The national conversation around Healthcare Transformation and Health IT is inspiring. The thinkers, innovators, caregivers and “doers” bring a high-level of passion and energy to moving healthcare forward. Much of the conversation is focused on the innovative technologies themselves and the front-line delivery of care. This is interesting and exciting and it raises awareness for what’s possible, but it often stops short of helping real organizations run sound businesses that are ready for this innovation.
Think of a practice group whose business processes are out of control. Its workflows undefined; its EMR shaky; its billing and scheduling departments in chaos. The leadership team jumps from fire to fire and squeezes in just enough visits to keep the lights on and squeak out a small profit. They’re in no position to innovate — no time; no appetite for risk; no confidence.
On the flip-side, think of a practice that’s running smoothly and profitably and in a way that allows its leaders time to think. This group is poised to take some shots. They will be the leaders in healthcare transformation.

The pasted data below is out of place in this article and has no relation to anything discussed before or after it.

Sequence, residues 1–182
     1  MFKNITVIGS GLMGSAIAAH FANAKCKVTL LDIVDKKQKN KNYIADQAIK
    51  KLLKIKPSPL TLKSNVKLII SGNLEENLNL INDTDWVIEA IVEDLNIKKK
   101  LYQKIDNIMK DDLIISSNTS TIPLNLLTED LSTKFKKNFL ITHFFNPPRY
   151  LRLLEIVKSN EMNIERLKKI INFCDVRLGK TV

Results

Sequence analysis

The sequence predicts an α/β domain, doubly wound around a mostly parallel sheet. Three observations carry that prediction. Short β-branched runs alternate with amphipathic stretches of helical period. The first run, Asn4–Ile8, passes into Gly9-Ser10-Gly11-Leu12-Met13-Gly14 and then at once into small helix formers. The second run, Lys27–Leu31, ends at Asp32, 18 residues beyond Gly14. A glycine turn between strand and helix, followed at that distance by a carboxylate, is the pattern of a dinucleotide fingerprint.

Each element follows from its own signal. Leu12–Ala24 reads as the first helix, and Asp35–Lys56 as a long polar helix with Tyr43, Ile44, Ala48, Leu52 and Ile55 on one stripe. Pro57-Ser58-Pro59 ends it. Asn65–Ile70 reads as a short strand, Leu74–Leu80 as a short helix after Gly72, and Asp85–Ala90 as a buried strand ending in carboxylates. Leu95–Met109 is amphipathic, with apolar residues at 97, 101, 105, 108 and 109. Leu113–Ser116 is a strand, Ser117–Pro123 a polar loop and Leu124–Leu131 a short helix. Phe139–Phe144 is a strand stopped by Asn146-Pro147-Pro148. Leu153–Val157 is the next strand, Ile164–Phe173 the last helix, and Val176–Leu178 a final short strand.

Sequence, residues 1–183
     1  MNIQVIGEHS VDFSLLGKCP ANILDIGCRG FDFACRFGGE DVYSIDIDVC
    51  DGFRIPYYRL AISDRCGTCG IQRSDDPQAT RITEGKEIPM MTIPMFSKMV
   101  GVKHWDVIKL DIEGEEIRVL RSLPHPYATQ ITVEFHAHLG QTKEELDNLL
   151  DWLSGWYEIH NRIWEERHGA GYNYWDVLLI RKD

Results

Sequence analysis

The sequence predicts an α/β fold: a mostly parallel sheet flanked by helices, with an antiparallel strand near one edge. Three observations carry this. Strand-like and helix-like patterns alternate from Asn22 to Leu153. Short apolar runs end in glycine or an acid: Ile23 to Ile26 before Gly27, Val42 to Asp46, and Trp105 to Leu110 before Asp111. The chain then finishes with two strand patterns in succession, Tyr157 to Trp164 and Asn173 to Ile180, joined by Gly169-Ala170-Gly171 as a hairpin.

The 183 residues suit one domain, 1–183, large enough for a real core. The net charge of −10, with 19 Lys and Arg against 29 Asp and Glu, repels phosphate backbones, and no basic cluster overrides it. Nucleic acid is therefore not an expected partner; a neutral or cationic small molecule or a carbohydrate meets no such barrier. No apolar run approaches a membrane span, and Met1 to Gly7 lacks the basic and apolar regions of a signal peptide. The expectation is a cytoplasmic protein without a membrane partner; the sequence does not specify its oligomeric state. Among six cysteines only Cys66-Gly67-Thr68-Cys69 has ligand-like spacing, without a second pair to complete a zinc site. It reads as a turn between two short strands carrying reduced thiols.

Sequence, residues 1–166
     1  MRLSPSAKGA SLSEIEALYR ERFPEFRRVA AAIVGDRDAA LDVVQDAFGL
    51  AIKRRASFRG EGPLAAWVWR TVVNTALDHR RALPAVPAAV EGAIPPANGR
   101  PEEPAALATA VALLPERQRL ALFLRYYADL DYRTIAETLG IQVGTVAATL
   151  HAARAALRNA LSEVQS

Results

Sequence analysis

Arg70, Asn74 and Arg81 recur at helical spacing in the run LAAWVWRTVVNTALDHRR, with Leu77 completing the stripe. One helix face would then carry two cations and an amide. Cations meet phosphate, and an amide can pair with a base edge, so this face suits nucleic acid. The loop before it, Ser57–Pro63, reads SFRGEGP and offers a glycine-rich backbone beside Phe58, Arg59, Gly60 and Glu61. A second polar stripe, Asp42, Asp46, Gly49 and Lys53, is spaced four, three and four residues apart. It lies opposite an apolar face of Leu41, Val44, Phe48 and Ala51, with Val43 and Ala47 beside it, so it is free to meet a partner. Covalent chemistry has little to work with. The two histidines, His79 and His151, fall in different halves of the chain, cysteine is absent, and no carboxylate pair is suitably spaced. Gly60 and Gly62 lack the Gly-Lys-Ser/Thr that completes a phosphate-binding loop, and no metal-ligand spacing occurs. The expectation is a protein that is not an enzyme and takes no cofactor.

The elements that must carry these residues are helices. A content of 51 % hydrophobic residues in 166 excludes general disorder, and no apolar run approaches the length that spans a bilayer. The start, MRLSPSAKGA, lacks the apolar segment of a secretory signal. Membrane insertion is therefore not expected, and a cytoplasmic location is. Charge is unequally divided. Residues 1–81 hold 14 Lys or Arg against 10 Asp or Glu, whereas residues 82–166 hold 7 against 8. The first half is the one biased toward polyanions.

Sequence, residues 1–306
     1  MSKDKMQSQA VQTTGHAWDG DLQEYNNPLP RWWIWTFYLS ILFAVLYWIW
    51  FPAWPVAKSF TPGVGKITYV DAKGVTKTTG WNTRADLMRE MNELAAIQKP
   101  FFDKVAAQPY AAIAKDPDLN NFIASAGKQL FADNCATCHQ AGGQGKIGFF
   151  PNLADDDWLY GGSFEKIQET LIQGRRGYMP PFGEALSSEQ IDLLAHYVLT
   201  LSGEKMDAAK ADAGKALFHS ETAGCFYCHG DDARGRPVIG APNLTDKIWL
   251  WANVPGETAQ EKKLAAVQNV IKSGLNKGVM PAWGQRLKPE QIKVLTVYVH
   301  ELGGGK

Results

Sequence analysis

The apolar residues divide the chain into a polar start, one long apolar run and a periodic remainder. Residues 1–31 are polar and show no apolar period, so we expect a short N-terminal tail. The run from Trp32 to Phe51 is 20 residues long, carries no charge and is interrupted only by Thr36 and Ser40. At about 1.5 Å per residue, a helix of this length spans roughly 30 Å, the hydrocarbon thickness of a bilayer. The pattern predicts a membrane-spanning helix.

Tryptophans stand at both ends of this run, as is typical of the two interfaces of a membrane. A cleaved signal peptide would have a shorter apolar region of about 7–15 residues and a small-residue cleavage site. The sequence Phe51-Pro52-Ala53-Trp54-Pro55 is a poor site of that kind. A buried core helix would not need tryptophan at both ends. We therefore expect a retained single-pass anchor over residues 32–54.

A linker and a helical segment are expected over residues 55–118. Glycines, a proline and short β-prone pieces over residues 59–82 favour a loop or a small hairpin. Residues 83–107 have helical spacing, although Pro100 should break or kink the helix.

The Business of Healthcare Chat (#hcbiz) is an attempt to bridge this gap. How do we help that first organization be more like the second one? What tools and techniques can be employed to improve their business processes? What should they stop doing? How can we help them create some room to innovate?
#hcbiz chats will be held on Wednesday’s from 12–12:30 EST. Questions will come from the @ZenPRM handle. I (@dflee30) will moderate, but will recruit guest moderators along the way. Tweet me if you’re interested in moderating or if you have topic ideas.
30-minutes; 3 questions.
Next Chat: February 17, 2016; 12:00 pm EST
Q1: The Administrator to Physician ratio has grown by more than 3000% since 1970. What has caused this and what can we do about it?
Q2: The average physician and their staff spend 23 hours annually submitting 18 different credentialing forms. With around 900,000 active doctors we’re talking more than 20 Million hours of labor each year. Are we getting commensurate value for this effort? How can this process be streamlined?
Q3: We spend $361 Billion annually on healthcare administration — 2X what we spend on heart disease; 3X that on cancer. Are there any duplicate admin efforts that could be eliminated? Are there any things that we should just stop doing altogether?